Protective Impact of Coenzyme Q10 on Vascular Endothelial Cell
The reduced form of Coenzyme Q10 (CoQ(10)H(2)) effectively mitigates oxidative stress damage induced by H2O2 in human umbilical vein endothelial cells (HUVEC). It achieves this by diminishing the number of β-galactosidase-positive cells, which are markers of senescence, and by suppressing the expression of genes related to senescence. Simultaneously, it elevates the cell's antioxidant capacity, inhibits apoptosis, and safeguards mitochondrial function.
 
Benefits of Coenzyme Q10 for Metabolic Syndrome
A meta-analysis of randomized controlled trials has demonstrated that Coenzyme Q10 (CoQ10) supplementation has beneficial effects on adipokine regulation and the reduction of inflammation and lipid peroxidation in individuals with metabolic syndrome. The study found that CoQ10 supplementation significantly increased adiponectin levels, decreased inflammatory markers, and improved lipid peroxidation. These improvements were linked to better blood sugar control, enhanced liver function, and lower malondialdehyde levels. These findings underscore the critical role of CoQ10 in modulating adipokines and promoting metabolic health.
 
 
Food Applications
Efficacy, Safety, and Formulation Challenges of Coenzyme Q10 Supplementation
Coenzyme Q10 is a vital dietary supplement in addressing the global challenges of aging and non-communicable diseases. It ranks as the third most sold supplement on the market and shows promise in treating common causes of mortality such as heart disease. However, ensuring its efficacy and safety, as well as overcoming formulation challenges, remain significant tasks for scientists, nutritionists, physicians, and policymakers. The study underscores the necessity of a comprehensive understanding of CoQ10 absorption and metabolism to guide its clinical application.
 
Application of Coenzyme Q10 in Food Systems
Research into the application of CoQ10 in food systems, particularly the effects of nanoemulsion structures and food matrices on its gastrointestinal absorption and bioavailability, has shown promising results. Specifically, a CoQ10 nanoemulsion (particle size ~200 nanometers) using octenyl succinic anhydride-modified starch as an emulsifier was found to enhance CoQ10 absorption during digestion. In high-protein beverages containing this nanoemulsion, bioavailability increased by 1.8 to 2.8 times compared to CoQ10 dissolved directly in oil. This study highlights the beneficial impact of lipolysis during digestion on the absorption of hydrophobic bioactive components, suggesting that food systems can be effective carriers for improving the oral bioavailability of CoQ10.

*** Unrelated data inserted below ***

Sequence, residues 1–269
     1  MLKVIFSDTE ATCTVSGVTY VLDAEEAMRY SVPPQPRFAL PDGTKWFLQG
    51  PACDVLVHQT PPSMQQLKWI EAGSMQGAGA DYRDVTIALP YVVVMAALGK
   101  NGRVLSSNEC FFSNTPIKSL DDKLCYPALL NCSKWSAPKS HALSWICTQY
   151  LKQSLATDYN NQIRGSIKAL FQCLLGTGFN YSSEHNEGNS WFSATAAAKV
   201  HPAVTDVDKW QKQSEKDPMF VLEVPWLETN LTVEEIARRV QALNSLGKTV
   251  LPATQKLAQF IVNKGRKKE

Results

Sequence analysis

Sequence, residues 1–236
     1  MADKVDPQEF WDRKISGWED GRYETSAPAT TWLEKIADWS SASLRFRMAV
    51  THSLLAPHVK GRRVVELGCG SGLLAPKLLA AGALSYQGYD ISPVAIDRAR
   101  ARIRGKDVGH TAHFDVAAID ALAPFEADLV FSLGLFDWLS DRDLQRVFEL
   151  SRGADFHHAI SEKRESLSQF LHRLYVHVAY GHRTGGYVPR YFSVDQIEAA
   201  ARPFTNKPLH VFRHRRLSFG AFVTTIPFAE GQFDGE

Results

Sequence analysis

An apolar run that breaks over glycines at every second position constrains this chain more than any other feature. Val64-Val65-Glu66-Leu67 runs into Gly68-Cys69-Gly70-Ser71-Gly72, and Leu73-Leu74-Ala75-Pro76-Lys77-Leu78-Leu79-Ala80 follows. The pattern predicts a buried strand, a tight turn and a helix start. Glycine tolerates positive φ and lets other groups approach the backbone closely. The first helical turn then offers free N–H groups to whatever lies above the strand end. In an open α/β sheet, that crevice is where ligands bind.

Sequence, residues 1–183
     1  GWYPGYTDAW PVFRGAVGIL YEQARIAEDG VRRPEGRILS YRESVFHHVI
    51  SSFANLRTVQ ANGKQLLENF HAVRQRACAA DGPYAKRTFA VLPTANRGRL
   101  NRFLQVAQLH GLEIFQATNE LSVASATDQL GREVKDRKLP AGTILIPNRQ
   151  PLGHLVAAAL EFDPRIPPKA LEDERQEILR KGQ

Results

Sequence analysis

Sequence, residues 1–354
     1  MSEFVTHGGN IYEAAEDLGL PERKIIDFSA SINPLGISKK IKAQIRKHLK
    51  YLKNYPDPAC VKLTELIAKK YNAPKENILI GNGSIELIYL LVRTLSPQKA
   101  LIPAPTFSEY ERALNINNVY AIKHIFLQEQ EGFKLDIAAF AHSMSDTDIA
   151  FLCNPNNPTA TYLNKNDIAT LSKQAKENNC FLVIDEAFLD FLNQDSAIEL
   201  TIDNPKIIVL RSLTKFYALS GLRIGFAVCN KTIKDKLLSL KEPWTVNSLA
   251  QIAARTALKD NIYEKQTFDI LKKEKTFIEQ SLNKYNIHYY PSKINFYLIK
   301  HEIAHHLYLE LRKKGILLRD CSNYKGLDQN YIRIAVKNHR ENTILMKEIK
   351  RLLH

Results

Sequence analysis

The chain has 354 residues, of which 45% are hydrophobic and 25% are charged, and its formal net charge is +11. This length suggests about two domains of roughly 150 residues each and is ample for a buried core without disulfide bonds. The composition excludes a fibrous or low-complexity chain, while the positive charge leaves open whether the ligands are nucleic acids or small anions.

Food-Grade Composite Nanoparticles for Co-Delivery of Resveratrol and Coenzyme Q10
In food science, the potential for co-delivering resveratrol and CoQ10 through composite nanoparticles prepared by emulsification evaporation was explored. Utilizing rhamnolipids, this method improves the efficiency and stability of nutraceutical delivery. This technology not only enhances the chemical stability of both active ingredients but also promotes their sustained release during digestion. It provides a new approach for developing functional foods or dietary supplements containing these potent antioxidant ingredients, showcasing the versatility and potential of CoQ10 as a key ingredient in health products.
 
Core-Shell Nanoparticle Co-Encapsulation Technology
Coenzyme Q10 and piperine can be synergistically delivered using core-shell nanoparticles, with a hydrogel shell made from zein and κ-carrageenan. This construction enhances the stability and retention rate of these nutrients. The nanotechnology prolongs the half-life of CoQ10 and piperine, significantly improving their retention during heat treatment and long-term storage. It also allows control over nutrient release rates in the gastrointestinal environment by adjusting the degree of interfacial cross-linking, demonstrating the effectiveness of core-shell nanoparticles as a platform for the co-delivery of synergistic nutritional health products.
 
Bioavailability of Coenzyme Q10